The action is on behalf of all shareholders who acquired shares in Aristocrat Leisure Limited between 19 February 2002 and 27 May 2003 and who suffered loss as a result of Aristocrat allegedly overstating its profits and failing to disclose that it would not meet its earnings forecasts. The claims of known class members total in excess of $200 million. Judgment in relation to stage one of the litigation is expected in early 2008.

Class actions - Taylor v Telstra Corporation Ltd [2007] FCA 2008

On 13 December 2007, the Federal Court of Australia approved a settlement under which Telstra agreed to pay up to $5 million to shareholders for allegedly failing to disclose to the market information from a briefing that Telstra had given to the Federal Government.

Class actions - Campbell Cash and Carry Pty Limited v Fostif Pty Limited [2006] HCA 41

In 2006 the High Court in Campbell made it clear that, in the Federal and some State jurisdictions, there is no legal impediment to litigation funding companies funding legal action in return for a proportion of the damages recovered by the action. A consequence of this decision is likely to be an increase in the number of class actions for failing to make disclosures to the market.

Directors' due diligence defence

The due diligence defence was inserted into the Act by the Corporate Law Economic Reform Program (Audit Reform and Corporate Disclosure) Act 2004 ("CLERP 9 Act"). The due diligence defence has not yet been tested before a court, but the supplementary explanatory memorandum to the CLERP 9 Act gives some guidance in relation to its likely operation.

Paragraph 4.83 notes that "reasonable steps" "encompasses the assessment whether particular information is required to be disclosed and the process for disclosing it."

Paragraphs 4.84 and 4.87 state:

"The notion of reasonable steps is obviously for the court to decide on the facts of a particular case and may include, in appropriate circumstances, instances of delegation and reliance on others.

The defence does not address situations where, for example, the view of a compliance officer, individual board member or secretary is overruled, with the result that the disclosing entity has contravened its continuous disclosure obligations. This is not addressed because such a person would not be "involved in" the contravention in the sense required by section 79 of the Corporations Act 2001."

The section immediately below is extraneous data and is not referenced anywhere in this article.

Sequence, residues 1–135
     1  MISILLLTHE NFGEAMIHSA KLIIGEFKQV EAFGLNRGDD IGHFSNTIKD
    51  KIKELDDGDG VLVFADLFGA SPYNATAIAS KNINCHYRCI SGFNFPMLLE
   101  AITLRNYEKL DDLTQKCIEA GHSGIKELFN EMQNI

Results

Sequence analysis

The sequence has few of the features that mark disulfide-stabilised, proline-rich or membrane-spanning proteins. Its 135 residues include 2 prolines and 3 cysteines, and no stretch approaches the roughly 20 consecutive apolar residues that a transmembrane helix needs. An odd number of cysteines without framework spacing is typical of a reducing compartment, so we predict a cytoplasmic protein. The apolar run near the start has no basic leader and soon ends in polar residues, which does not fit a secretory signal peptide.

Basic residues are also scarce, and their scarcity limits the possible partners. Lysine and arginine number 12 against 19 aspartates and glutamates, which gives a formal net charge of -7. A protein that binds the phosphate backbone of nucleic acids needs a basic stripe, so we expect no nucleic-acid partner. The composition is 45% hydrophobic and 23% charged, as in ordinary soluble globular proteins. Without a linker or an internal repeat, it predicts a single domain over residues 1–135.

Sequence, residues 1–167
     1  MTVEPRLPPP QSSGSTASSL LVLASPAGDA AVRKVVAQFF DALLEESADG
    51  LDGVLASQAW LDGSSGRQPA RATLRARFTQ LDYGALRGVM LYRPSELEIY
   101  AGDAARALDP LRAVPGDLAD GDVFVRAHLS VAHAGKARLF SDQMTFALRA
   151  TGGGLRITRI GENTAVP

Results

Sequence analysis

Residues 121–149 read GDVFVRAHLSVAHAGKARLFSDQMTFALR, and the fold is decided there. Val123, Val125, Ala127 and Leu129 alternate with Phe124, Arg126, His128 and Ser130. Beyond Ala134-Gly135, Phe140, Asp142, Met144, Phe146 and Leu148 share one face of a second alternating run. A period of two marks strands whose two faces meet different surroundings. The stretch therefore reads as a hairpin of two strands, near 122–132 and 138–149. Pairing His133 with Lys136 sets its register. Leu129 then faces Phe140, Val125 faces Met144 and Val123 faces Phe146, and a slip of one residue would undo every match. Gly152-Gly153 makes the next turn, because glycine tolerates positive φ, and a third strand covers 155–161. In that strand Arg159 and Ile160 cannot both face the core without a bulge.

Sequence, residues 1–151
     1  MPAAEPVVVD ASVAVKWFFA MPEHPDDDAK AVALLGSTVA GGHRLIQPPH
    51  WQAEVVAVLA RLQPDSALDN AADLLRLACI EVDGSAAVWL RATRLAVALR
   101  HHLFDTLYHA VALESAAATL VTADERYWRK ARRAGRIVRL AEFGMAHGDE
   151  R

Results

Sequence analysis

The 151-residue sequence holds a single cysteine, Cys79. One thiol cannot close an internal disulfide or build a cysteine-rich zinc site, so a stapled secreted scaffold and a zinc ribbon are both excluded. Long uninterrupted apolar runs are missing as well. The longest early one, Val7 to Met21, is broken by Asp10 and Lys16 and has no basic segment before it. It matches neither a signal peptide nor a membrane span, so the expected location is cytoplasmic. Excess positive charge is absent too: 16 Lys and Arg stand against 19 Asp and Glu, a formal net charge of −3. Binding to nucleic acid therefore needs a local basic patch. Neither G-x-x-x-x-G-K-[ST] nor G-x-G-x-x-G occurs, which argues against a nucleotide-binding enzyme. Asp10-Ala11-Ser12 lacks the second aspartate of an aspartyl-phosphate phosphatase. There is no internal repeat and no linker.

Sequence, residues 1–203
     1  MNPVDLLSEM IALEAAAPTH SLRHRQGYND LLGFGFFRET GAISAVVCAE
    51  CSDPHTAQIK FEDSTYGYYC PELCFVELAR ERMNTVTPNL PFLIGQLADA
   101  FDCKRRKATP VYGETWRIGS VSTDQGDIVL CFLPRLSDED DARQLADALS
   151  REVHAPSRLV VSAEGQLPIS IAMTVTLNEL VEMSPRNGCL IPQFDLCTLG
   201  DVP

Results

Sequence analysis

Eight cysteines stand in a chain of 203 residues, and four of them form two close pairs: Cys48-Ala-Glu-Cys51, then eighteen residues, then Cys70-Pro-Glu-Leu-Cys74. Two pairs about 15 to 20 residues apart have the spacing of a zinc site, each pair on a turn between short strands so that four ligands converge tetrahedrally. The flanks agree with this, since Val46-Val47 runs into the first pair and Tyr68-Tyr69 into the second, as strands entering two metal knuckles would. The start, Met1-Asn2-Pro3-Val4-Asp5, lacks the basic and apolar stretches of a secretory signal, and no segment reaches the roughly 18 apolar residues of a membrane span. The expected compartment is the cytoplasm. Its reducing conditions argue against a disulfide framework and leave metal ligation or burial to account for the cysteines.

Based on the information in the explanatory memorandum, it seems that an effective compliance program will be required if a director is to be able to rely on the due diligence defence.

The original CLERP 9 explanatory memorandum discusses what is required in order for a director to be "involved in" a contravention of the continuous disclosure requirements:

"Involvement in a contravention … requires some form of intentional participation and actual knowledge of the essential elements of the contravention."


Since mid-2004, when ASIC's power to issue infringement notices for breaches of the continuous disclosure requirements commenced, there has been a greater focus by the regulator on breaches of the continuous disclosure requirements.

Meeting the continuous disclosure requirements of the Act is an ongoing task and as the Chemeq case observes, may be difficult to achieve.

By virtue of section 674(2A), an entity's breach of its continuous disclose obligations not only opens it up for prosecutions, civil penalties and infringement notices from ASIC, persons involve in the contravention may also be liable. Accordingly, an effective continuous disclosure compliance program is essential if a company and its directors are to avoid breaching its continuous disclosure obligations and establishing a due diligence defence.

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Clayton Utz communications are intended to provide commentary and general information. They should not be relied upon as legal advice. Formal legal advice should be sought in particular transactions or on matters of interest arising from this communication. Persons listed may not be admitted in all States and Territories.